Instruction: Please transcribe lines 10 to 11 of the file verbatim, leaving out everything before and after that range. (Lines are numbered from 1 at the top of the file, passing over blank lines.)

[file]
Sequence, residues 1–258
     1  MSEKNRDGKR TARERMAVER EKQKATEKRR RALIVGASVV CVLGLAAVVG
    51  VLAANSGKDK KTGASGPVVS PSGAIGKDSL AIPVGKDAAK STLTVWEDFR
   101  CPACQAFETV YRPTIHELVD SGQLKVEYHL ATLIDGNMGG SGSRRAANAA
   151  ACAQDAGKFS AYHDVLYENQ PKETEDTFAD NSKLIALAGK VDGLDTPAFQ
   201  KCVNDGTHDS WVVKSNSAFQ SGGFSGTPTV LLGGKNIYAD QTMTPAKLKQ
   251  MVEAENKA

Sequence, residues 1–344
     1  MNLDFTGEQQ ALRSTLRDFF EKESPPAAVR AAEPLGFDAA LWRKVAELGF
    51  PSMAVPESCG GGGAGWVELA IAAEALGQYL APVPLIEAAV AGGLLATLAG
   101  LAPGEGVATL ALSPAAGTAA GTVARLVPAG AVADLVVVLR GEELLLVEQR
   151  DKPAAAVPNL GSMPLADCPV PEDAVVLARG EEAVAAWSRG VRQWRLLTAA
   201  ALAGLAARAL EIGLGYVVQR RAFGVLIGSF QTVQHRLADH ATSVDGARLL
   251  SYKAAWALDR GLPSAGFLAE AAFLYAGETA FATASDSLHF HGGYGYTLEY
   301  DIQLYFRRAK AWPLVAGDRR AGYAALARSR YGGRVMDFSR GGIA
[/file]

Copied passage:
    51  PSMAVPESCG GGGAGWVELA IAAEALGQYL APVPLIEAAV AGGLLATLAG
   101  LAPGEGVATL ALSPAAGTAA GTVARLVPAG AVADLVVVLR GEELLLVEQR